Alumni living in China were also heavily involved in creating a successful experience for the students.  Zhiyuan Zhu '04, chief counsel for the Tsinghua University International Energy and Environment Center, and Sabina Brady '79, an attorney, both arranged dinners for the group and offered their insights and expertise.

"Sabina graciously opened her home to us," says Kong, who has taught Chinese language, literature, and cinema at Swarthmore since 1994. "She gave students the unique opportunity to talk with an alumna who has lived in China since her graduation from Swarthmore and witnessed the profound changes and environmental consequences of rapid development."

Students in classroom
The students with Professor of Chinese and Chair of the Modern Languages and Literatures Department Haili Kong (left).

In addition to a wide range of speakers, the students were exposed to an equally impressive diversity of workplaces - an environmental college for a private lecture, the apartment that was home base to a one-woman NGO, and an earthquake training shelter, to name a few.

"I think the most successful part [of the trip] was the extent to which we were able to engage," Smith says.

Zhang's work on the policies and models for green public transportation in China also led her to speak with experts at NGOs, as well as someone from a government think tank. Meanwhile, Casey's research on the impact of social media in the environmental sector brought her in close contact with college students, in addition to professors and NGO workers.

"It gave us a very broad range of perspectives on the environmental issues facing China today," adds Zhang.

Smith is appreciative of the exposure he gained in China, and knows another trip like this one will be hard to come by.

"We weren't just in a library at a college in a different country," he says. "We were actually going out and experiencing a different country."

Similarly, Casey was able to conduct research in the field and ran into censorship problems throughout the trip while attempting to conduct online research.

"[Professor White] said that I could include my own experiences dealing with the difficulties of Internet and censorship in my paper," she adds.

Given the daunting task of striking out on their own, White was extremely impressed by the students' ambition and diligence, particularly considering the sheer number of tasks they were asked to fulfill and the amount of information they were asked to process.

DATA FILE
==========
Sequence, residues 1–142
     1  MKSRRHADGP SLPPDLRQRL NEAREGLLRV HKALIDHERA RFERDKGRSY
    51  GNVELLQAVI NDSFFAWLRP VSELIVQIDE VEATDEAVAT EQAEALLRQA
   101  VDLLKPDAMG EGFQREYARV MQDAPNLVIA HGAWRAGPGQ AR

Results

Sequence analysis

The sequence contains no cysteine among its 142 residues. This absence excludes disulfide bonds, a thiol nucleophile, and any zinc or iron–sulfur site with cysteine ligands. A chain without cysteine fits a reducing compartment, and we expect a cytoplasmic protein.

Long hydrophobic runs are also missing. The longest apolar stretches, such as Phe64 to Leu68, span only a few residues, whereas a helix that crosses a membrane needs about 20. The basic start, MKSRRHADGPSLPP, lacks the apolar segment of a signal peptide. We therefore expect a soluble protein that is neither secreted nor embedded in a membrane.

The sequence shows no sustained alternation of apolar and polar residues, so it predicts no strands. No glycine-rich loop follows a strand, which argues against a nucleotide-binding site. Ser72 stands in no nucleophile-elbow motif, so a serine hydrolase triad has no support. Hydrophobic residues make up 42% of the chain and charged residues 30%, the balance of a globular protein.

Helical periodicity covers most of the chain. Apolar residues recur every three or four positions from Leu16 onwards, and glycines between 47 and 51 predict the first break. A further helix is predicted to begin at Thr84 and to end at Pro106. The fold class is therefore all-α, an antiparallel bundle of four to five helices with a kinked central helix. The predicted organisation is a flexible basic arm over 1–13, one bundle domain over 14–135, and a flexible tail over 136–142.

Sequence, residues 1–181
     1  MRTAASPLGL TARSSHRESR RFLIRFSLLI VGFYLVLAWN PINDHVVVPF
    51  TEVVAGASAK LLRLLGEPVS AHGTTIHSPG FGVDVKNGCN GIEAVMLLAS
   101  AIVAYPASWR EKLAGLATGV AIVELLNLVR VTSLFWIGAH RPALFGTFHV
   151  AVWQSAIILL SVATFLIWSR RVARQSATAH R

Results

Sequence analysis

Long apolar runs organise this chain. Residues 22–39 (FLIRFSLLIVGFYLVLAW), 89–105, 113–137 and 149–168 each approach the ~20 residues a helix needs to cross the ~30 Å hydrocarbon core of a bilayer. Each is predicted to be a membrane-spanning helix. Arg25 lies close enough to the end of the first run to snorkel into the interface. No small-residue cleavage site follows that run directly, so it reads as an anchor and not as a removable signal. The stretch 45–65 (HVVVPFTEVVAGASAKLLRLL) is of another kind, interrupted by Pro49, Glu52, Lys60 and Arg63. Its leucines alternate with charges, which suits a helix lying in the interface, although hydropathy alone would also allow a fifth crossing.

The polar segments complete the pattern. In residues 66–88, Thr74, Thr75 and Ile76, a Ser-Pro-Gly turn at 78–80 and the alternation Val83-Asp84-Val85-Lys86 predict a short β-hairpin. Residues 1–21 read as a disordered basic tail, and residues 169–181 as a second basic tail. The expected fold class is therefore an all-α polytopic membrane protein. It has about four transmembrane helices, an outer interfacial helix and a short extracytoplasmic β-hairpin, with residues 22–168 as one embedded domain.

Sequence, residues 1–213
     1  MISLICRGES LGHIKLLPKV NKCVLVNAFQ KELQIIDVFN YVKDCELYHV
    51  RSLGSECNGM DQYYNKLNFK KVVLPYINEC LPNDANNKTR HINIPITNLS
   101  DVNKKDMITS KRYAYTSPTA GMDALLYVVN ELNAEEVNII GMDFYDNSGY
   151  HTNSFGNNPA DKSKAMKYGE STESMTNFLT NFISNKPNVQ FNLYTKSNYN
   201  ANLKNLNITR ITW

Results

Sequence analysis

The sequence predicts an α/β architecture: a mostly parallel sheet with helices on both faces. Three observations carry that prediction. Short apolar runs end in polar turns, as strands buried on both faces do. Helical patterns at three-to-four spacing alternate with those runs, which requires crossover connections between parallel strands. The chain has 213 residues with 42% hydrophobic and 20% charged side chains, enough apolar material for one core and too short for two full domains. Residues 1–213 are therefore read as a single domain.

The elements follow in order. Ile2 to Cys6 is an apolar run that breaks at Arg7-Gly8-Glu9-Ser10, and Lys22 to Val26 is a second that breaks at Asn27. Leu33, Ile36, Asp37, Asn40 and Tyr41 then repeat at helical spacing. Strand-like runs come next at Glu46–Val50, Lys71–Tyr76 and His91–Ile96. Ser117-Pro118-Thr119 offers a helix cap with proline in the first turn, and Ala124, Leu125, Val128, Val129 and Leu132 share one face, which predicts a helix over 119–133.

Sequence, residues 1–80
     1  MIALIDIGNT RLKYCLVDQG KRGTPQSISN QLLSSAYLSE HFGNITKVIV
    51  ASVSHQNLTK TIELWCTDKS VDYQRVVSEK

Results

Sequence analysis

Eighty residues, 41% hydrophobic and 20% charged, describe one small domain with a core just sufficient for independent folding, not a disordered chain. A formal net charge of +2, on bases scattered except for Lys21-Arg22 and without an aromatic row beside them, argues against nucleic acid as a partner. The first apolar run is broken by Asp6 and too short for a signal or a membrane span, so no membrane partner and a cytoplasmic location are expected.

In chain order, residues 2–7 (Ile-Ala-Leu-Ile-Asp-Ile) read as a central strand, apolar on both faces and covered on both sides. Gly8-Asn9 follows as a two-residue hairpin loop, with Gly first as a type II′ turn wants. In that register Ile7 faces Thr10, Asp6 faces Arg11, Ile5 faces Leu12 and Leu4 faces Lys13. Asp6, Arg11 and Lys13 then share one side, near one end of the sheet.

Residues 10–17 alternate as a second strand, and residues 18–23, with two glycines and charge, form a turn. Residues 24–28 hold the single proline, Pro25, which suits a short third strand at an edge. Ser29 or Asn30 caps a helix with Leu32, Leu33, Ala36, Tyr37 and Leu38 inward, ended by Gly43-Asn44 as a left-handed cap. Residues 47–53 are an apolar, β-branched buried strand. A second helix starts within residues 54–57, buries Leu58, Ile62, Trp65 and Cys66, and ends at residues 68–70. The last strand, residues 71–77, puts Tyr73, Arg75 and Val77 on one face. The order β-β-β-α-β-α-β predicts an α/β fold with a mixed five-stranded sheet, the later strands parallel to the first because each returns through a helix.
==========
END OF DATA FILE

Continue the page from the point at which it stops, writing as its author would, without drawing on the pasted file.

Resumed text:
"They really worked extremely hard while they were there to both absorb what they were getting from the regular schedule and at the same time, do a lot of digging and researching online and emailing and calling, trying to talk to people and make connections," she says.

Students in Tiananmen Square

The success of this interdisciplinary effort has already spurred a sequel.  Policies and Issues of Fresh Water Resources in China, a course and field study co-taught by Richter Professor of Political Science Carol Nackenoff and Assistant Professor of Chinese Lala Zuo, with contributions from Engineering Professor Art McGarity, will debut in the spring.  Support for that course will come, in part, from the Luce Initiative on Asian Studies and the Environment.

White hopes this is the jumping off point for a vast expansion of field-study work outside of the classroom. She is not alone. This past summer, students in a directed reading offered by Black Studies, Blacks in the Diaspora, traveled to Brazil to continue their studies.

"I hope that we're going to see more of this, that students have more opportunities," White says.  "I'm hopeful that it won't be just limited to that part of the world, that there will be more opportunities for students in general to be able to enroll in courses that include this kind of field study as a part of the class."

Many of those involved in the planning and execution of the Governance and Environmental Issues in China course and field study will present their findings on Sept. 23 at 4:30 p.m. in Kohlberg Hall's Scheuer Room, in a discussion called "Field Trip to Beijing: A Close-Up Look at China's Environmental Challenges."